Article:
- You aren’t just competing with other media companies, you are competing with the entire market. This one seems obvious, but it really didn’t occur to me until I was in this role. When I sold television and radio, I thought my only competition were other media outlets. Radio, television, print, outdoor, digital- those are where are all the dollars go right? Wrong. I have done business with or had requests from: all the media I mentioned, every hometown publication in every city near every location, Little League teams, high school sports, professional sports, semi-professional sports, chambers of commerce, city officials, non-profits, adopt a highway and so many other random organizations. When you look at it that way, it’s pretty discouraging right? Well, maybe it’s more competitive than you thought, but now you know there are plenty of new ways to prospect.
- Marketing Managers really are quite busy. I used to think this was the biggest cop out. “Yeah Linda, you’re sooooo busy you couldn’t call me back or return my emails for a week.” Well, I could have, but I value sleep and if I never put the computer down I’m pretty sure my husband and dogs would start a rebellion. If a marketing manager tells you that they’ve been busy and haven’t been able to get back to you as soon as they’d like, try believing them. Chances are they have some issues they are trying to resolve and you could be their white knight with the solution to their problem.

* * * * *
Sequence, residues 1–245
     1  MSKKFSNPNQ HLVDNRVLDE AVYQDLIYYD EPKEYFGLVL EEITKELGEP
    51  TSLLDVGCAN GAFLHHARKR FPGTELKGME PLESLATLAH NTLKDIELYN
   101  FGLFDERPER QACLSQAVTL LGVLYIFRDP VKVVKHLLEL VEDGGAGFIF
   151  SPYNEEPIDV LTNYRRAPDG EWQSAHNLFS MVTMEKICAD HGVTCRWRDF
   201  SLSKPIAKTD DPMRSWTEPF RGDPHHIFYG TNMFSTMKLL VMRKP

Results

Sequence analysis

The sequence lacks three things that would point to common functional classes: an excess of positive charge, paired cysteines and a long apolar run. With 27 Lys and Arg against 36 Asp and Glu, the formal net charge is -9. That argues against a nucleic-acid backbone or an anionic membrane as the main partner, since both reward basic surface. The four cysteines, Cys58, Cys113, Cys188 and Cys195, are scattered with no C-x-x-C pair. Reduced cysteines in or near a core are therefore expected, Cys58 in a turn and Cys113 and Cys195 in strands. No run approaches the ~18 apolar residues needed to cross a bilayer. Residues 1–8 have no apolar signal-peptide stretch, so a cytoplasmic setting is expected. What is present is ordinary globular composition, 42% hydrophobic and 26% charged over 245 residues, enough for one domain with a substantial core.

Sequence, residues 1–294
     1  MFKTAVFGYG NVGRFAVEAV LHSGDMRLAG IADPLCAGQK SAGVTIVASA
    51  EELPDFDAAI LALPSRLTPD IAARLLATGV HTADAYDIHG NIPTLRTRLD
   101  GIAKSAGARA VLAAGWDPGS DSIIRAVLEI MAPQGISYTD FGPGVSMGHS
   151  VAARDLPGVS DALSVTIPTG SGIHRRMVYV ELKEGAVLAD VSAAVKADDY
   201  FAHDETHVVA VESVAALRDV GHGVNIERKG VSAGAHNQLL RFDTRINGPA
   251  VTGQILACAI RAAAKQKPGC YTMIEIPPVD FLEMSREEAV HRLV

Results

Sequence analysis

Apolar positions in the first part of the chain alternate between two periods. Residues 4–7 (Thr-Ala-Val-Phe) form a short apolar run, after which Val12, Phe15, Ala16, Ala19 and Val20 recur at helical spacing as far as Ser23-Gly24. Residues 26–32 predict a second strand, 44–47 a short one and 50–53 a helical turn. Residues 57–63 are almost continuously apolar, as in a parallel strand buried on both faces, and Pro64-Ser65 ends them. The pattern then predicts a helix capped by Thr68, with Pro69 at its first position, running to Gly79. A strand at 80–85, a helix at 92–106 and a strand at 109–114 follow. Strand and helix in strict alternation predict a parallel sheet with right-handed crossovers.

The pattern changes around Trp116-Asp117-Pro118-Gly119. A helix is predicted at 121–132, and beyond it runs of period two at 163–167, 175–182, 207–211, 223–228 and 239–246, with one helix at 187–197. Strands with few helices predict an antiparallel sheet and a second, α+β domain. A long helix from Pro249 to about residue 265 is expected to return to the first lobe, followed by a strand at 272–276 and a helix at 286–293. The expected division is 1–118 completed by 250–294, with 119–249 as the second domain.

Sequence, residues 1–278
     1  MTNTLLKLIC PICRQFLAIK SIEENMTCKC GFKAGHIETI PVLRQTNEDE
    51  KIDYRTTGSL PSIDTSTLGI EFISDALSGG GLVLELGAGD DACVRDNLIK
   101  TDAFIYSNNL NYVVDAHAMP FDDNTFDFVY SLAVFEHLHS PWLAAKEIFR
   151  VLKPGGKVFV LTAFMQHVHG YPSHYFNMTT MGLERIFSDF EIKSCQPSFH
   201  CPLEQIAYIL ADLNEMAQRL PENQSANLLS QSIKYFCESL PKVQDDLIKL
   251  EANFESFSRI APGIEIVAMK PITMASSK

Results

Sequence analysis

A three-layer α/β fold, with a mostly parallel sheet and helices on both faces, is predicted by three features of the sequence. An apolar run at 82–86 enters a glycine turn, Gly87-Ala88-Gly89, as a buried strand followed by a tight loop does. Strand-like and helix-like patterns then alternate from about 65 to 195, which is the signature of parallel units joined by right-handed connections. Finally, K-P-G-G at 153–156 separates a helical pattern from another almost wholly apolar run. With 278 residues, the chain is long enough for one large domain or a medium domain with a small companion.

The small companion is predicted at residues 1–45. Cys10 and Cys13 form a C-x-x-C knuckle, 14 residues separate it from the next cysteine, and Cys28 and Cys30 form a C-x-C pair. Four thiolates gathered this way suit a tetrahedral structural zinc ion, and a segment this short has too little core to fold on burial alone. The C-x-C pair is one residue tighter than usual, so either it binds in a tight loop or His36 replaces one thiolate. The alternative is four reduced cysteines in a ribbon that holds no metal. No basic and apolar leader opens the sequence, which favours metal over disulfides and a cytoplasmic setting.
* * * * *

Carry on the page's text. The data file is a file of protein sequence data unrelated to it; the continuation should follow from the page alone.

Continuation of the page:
- Marketing Managers appreciate the reps that make their job easier. I was told this by a few of my clients, but I really appreciate that sentiment now. If a rep makes my life easier, I love them. I want to do business with them. I am going to choose them over the competition every day of the week. I could write a whole post on ways sales reps can be helpful, but to give you a small taste: follow-up with them when you say you will, listen to what their problems are and bring them helpful and relevant solutions, be a resource for them in your industry or the market as a whole, support their company’s events and fundraisers, remind them about deadlines they have with you, send them analytics/recaps/pictures before they ask, and get to know something about them as a person- sales are relationships after all. Most sales reps do these things anyway, at least the good ones. But it’s always a nice reminder. Oh, and they really do appreciate the perks like free tickets, just saying
About the Author: Courtney Hardy-Wagner is currently is in charge of marketing duties for Quick Quack Car Wash in her hometown of Sacramento. Connect with her on LinkedIn: www.linkedin.com/in/CourtneyHardyWagner